We catch up with Germany’s Munk

Munk is the alias of Mathias Modica, a German-based DJ/producer and label owner whose rich and versatile sound has won him legions of fans down through the years. A true musical radical, he established the always eclectic Gomma Records at a time when Germany’s electronic music scene was being swallowed up by generic minimal techno. A decade on, and the landscape has vastly changed for the better, with friendlier sounds very much a key point in contemporary house. Despite keeping a modest head, Munk is a visionary of sorts in that sense, and if you want to hear what he’s allk about, then you could do worse than checking out his latest effort for Exploited Records, Southern Moon. We checked in with him recently to find out more…

 

So how are you doing right now? What’s keeping you busy away from music?

I just came back from a DJ tour in Mexico that was too much fun. Actually, I am pretty exhausted just now. I can’t go to studio today I guess. So just gonna go to DJ in France next week and will be mostly DJing over this summer. I’m trying to record some tracks in between in our new Berlin studio that I am running with the boys from Black Loops.

Is music a full-time thing for you then? How long have you been involved in it?

Yes, music is my life. DJing, recording records, releasing cool music of other musicians, producing other artists, organizing parties… the whole thing. I started to release my first tracks around 10 years ago. Now there are 3 people working at our label…a lot of work but a lot of fun.

So how would you describe your daily life? What’s it consist of?

I usually wake up lunch time. I then eat with friends and label homies. I then do Gomma label stuff in the afternoon and go to the studio time at night and travel at weekends. In my spare time, I try to be nice to my girlfriends!

Does you label, Gomma Records, still take up a lot of your time?

I am lucky because I have Manuel Kim and Mo Butchek doing most of the administrative stuff. And as we have a lot of releases on both labels (Gomma and the house sublabel Toy Tonics) it’s really a lot of things to do. They are both passionate like me about music so it’s work – but it’s 100% fun, too. Things are going well these days so this gives us energy to push it even harder!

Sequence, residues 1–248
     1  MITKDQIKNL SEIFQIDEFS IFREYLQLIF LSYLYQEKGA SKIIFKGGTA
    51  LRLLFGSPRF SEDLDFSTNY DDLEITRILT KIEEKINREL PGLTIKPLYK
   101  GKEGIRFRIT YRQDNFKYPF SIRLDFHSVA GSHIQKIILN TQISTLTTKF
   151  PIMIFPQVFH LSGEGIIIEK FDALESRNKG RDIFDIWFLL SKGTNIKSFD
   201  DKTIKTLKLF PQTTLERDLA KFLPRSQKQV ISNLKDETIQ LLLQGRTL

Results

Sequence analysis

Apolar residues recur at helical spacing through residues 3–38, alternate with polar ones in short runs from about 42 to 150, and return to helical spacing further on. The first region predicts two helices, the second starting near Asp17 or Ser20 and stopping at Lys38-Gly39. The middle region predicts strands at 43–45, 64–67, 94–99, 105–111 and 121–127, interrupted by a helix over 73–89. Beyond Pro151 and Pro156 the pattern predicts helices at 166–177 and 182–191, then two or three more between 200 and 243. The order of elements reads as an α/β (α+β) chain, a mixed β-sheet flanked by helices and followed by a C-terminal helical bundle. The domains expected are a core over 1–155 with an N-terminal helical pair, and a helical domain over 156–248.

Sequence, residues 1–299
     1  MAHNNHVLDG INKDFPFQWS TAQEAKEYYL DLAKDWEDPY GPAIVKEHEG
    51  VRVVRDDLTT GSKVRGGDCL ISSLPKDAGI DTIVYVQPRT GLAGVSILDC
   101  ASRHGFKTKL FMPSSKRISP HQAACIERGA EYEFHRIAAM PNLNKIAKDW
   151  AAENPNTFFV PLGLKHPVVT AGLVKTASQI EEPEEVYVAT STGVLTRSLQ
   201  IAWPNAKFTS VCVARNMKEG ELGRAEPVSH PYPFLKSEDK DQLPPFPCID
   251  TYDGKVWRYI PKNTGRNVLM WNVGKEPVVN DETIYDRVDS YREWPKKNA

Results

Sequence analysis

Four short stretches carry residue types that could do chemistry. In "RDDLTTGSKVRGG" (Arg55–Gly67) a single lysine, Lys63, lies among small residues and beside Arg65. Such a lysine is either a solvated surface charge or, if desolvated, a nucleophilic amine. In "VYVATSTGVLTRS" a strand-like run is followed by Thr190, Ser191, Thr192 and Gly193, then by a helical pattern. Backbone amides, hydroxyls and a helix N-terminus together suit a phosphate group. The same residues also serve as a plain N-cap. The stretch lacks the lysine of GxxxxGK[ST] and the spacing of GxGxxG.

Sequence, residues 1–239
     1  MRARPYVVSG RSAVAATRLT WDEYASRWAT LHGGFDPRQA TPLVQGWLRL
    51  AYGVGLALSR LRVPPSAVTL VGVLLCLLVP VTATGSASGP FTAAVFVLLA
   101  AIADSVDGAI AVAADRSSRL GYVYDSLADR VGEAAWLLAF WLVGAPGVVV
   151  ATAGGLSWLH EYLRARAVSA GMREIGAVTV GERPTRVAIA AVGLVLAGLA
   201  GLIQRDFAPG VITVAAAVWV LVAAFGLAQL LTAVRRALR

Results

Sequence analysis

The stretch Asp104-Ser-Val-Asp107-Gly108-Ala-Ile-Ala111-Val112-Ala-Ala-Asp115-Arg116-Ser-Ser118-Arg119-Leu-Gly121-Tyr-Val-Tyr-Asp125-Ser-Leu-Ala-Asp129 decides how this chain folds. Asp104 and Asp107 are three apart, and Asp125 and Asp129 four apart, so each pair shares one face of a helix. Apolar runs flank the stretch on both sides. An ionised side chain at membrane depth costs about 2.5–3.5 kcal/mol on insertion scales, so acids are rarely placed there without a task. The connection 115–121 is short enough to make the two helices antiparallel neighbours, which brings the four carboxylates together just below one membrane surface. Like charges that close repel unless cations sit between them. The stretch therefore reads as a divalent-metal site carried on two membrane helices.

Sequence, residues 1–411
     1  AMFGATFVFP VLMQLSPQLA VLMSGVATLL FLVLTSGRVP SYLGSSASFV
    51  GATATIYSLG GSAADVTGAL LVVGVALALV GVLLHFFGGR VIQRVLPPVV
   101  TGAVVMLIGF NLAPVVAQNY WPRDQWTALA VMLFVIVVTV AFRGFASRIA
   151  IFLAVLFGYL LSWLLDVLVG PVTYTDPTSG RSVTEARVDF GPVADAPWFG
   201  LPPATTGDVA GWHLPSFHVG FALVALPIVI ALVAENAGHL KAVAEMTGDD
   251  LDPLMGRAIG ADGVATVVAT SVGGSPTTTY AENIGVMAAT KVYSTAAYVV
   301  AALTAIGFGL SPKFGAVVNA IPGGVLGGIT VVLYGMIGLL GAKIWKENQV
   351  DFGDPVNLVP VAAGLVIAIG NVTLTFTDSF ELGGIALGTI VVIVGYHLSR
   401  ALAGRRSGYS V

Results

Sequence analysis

What was your original thinking behind starting the project?

I wanted to bring some new flavors to the house music of today. There is lot of retro house everywhere these days. And a lot of schematic dance music that sounds the same. I think in 2014 its important to try to do more experimental with 4/4 music again. Writing great songs, doing interesting vocals (not using only sampled voices from old tracks), trying to bring it on an interesting pop level… so that’s what I am trying with the new Munk songs..

I like the big 80s pop producers who tried to push boundaries. The dudes who came from Jazz and Dancemusic and breaked the styles in pop music. Kings like Trevor Horn, Arthur Baker, Rod Templeton… I want to push house inspired music on that level. My album will be out in September. Lets see what u think then…

What’s the most satisfying thing about running a label these days? And the most challenging?

Putting out music that we love. Always great. Challenging? As long as Spotify, Youtube, Google etc dont pay a fair $ to the musicians the Music market is really fucked up. So the biggest challenge is to see if one day there will be again a fair payment for hard working musicians…

Your latest track, Southern Moon, is really great and has a really great bassline running through it. Can you tell us a bit about how you produced it?